The Japan Aerospace Exploration Agency (JAXA) has begun testing a spherical drone about the size of a grapefruit in Japan’s Kibo science module at the International Space Station. The new crew member is an adorable robotic ball capable of recording video while moving in zero gravity. Dubbed “Int-Ball,” the device will free astronauts to do more important work, while providing ground controllers with their own set of eyes.
Manufactured by 3D-printing, the Int-Ball is a robotic camera drone produced by the Japan Aerospace Exploration Agency. Resembling a droid from the Star Wars movie series, the curious looking sphere can move autonomously in space. If the drone works out as planned, it could reduce or eliminate the time astronauts spend taking pictures, an activity that takes up about 10 percent of their working hours right now.
Like a terrestrial drone, the ball can operate in three dimensions, filming whatever it sees. Unlike a drone operating in Earth’s atmosphere, Int-Ball doesn’t have to fight gravity. As such, you won’t see (or hear) an array of propellers. Instead, Int-Ball uses what JAXA describes as “Miniaturized Attitude Control Sensors and Actuators in an All-in-one Module,” a tiny 4-inch square device that acts as an attitude stabilizer for the drone. JAXA’s goal is to eventually get this device down to about 33 millimeters. The Int-Ball weighs 1kg, has a diameter of 15cm.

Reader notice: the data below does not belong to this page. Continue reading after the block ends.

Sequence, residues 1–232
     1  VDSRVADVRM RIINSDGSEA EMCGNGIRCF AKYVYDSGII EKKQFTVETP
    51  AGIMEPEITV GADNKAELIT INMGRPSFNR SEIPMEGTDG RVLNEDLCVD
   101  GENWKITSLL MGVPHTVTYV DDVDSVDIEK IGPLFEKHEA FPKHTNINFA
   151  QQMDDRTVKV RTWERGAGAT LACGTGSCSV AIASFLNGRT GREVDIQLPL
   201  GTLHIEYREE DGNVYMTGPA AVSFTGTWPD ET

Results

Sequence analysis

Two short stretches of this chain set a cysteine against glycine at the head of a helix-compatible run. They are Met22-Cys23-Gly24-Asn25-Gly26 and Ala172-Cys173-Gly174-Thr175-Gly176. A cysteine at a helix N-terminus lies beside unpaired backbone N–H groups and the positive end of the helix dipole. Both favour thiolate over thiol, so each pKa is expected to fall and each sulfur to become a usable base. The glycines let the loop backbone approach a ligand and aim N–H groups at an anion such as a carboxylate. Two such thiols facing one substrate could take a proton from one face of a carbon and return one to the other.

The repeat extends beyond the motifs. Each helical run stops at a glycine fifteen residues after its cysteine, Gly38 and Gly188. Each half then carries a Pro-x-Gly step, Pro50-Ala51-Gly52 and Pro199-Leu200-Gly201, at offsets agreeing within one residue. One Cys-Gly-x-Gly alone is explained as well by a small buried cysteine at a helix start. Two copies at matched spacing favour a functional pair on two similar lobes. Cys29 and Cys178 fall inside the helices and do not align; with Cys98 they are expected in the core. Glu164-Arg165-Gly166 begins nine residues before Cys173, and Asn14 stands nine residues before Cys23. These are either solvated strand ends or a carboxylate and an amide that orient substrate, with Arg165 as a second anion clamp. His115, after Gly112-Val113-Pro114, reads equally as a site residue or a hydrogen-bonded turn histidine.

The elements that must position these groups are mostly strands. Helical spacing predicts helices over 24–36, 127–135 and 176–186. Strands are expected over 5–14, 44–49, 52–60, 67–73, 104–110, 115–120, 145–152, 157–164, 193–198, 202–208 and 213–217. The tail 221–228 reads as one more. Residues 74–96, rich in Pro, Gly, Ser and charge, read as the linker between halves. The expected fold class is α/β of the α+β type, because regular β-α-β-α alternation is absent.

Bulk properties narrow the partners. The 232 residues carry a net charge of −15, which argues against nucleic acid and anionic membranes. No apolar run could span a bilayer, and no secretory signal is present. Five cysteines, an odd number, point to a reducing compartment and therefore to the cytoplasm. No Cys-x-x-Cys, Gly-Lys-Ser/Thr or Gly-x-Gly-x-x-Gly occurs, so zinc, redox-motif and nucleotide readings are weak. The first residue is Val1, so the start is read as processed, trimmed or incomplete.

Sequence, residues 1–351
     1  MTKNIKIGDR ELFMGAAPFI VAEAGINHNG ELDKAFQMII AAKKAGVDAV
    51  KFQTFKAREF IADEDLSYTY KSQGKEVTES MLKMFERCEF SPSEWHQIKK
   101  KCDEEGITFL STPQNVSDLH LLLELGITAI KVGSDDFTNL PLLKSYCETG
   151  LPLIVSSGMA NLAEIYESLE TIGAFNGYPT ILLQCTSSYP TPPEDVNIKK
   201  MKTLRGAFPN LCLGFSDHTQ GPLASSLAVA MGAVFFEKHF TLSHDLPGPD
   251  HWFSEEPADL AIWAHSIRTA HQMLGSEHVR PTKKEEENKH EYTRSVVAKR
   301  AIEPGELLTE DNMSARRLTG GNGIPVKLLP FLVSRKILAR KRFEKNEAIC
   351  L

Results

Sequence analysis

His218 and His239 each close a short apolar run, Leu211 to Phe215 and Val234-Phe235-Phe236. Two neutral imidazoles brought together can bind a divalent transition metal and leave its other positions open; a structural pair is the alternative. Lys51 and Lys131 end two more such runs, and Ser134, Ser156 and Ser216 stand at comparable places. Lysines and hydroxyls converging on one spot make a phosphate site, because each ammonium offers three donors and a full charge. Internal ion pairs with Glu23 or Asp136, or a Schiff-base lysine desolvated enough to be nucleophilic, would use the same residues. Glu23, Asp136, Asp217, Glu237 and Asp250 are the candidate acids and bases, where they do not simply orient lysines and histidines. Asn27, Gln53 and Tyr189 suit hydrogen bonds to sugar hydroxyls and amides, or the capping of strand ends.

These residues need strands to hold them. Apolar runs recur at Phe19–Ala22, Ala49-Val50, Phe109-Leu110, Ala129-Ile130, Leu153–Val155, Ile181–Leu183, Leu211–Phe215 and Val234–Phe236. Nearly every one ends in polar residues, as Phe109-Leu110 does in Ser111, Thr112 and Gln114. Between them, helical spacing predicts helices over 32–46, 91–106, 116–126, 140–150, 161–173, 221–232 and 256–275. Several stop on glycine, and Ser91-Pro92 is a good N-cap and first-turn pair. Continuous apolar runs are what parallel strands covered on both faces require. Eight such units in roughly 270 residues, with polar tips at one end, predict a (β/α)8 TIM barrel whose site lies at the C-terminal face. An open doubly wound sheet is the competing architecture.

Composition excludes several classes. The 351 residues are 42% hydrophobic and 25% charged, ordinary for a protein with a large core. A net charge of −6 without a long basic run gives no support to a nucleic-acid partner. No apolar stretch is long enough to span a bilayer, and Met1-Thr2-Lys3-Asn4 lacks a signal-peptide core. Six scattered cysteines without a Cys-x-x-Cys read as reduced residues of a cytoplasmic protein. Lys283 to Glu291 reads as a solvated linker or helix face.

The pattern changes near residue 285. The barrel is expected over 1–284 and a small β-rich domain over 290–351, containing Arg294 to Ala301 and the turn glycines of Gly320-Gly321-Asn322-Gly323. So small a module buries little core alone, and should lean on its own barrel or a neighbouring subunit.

Videos show Int-Ball, under the watchful eye of NASA astronaut Peggy Whitson, moving near the walls, taking pictures of experiments and other regions in its vicinity. One shot shows a laptop lazily floating by. In another clip, Peggy Whitson’s fellow NASA astronaut Jack Fischer playfully hides behind a camera, taking pictures of the drone.